Blogger's new makeover, launched in a selective beta back in August, was supposed to make the personal publishing software easier to use. After all, in order to remain a blogging platform for everyday users, the Google-owned service was going to have to do something. Its previous incarnation required a basic knowledge of HTML, which is practically prehistoric in today's world of Ajax-spiced platforms like Six Apart's Vox, which launched earlier this year. So Blogger released a new beta version that featured tags (or "labels" in Googlespeak), "friends-only" posts, and drag-and-drop capabilities. On Thursday, it left the beta phase for a full launch.
But things don't appear to have gone entirely smoothly. According to some Blogger readers, the software exited beta in the manner of an egg nog-filled guest leaving a Christmas party.
We received a tip this morning from a reader who claimed that her Blogger account had been more or less frozen: she could not post to her blog or read comments. "The Blogger Help Group is littered with increasingly desperate postings from people like myself," she added.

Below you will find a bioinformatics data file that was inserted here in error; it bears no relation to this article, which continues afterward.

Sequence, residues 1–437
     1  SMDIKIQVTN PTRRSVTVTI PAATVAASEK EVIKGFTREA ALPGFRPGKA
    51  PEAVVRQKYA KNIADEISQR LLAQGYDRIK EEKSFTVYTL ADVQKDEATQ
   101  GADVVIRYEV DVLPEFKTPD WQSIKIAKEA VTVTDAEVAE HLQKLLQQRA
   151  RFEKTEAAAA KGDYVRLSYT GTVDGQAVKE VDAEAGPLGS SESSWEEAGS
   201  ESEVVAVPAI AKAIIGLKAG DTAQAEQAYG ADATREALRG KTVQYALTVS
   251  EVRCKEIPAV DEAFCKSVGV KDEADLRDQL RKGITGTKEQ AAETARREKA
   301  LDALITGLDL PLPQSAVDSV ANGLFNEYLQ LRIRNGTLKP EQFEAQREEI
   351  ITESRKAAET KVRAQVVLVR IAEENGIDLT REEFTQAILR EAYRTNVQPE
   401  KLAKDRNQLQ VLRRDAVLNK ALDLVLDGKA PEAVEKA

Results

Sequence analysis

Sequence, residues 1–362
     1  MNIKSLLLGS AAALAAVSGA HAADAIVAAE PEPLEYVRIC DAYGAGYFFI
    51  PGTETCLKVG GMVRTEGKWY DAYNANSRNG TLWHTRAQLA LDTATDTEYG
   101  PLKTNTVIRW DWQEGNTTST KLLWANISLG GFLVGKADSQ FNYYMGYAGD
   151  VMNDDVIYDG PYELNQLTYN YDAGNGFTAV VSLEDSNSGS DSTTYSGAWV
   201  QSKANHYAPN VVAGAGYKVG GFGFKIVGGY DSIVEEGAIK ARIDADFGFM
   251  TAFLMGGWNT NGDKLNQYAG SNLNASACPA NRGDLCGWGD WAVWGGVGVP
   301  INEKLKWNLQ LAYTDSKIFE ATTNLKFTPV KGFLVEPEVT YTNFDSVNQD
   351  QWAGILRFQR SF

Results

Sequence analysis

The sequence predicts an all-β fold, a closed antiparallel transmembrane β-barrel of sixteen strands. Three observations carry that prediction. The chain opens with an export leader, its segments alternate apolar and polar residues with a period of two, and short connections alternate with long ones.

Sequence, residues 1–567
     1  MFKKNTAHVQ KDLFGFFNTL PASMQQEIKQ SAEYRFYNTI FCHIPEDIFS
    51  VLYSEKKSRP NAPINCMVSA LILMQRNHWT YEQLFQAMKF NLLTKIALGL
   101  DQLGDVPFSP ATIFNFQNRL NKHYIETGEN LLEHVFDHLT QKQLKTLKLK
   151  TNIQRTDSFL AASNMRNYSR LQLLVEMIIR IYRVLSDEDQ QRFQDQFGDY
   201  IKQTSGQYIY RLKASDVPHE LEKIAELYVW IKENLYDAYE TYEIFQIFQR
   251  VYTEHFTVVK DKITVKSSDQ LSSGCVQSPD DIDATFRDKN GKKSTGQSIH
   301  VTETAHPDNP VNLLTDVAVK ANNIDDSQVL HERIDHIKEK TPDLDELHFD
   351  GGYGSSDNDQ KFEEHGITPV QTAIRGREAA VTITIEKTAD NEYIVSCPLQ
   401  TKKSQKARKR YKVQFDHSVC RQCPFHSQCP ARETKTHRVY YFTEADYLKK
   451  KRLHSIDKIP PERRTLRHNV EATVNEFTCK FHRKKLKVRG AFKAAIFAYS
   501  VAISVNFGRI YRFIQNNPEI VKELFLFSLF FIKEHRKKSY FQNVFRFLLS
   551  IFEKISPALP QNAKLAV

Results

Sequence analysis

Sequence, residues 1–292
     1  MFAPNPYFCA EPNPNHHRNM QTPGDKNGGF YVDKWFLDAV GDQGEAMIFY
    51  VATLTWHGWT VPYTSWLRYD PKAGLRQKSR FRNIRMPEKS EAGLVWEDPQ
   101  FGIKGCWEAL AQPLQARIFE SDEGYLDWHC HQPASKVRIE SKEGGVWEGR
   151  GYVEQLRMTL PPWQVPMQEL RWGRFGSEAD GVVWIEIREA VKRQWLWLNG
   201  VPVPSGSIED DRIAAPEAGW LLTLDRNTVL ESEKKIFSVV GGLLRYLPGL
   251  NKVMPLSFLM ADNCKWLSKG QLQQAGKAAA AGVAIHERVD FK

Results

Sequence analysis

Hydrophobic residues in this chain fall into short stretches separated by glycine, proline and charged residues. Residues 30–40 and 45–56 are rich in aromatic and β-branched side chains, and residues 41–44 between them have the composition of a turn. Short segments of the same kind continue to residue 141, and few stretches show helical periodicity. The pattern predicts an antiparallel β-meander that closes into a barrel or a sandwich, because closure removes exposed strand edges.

Indeed, other users on the Blogger Help Group were reporting similar problems. "I migrated to beta, as prompted, on Thursday," another Blogger member posted to the group. "I received the email to say it had gone through successfully but now [I] can't log in with either ID." And other problems appeared even messier, as another Blogger user related: "My wife's blog is in stuck between the new Blogger beta and the old blog. Whenever she tries to create a new post or manage existing posts she gets an error that says her blog is on the new Blogger, but her blog is inaccessible from the beta Blogger, and she can't access any portion of the old Blogger."
Numerous Blogger members are also reporting that neither Google nor Blogger has responded to their inquiries other than through occasional automated e-mails. It does not appear to be a universal problem, as one CNET News.com reporter who has a Blogger account said that he did not experience any issues. But if the voices on the Blogger Help Group are to be believed, the revamped Blogger is not exactly off to a fantastic start. Maybe that's what happens when you launch a product four days before Christmas--I'm theorizing that a whole lot of Google and Blogger developers are probably out of the office.
UPDATE: Google's response to our inquiry--We know how important Blogger is to our users, so the team is working hard to ensure a smooth migration to the new and improved Blogger. We encourage anyone who is having technical difficulty to visit the Blogger Help Center and join the Blogger Help Group to ask questions and find answers.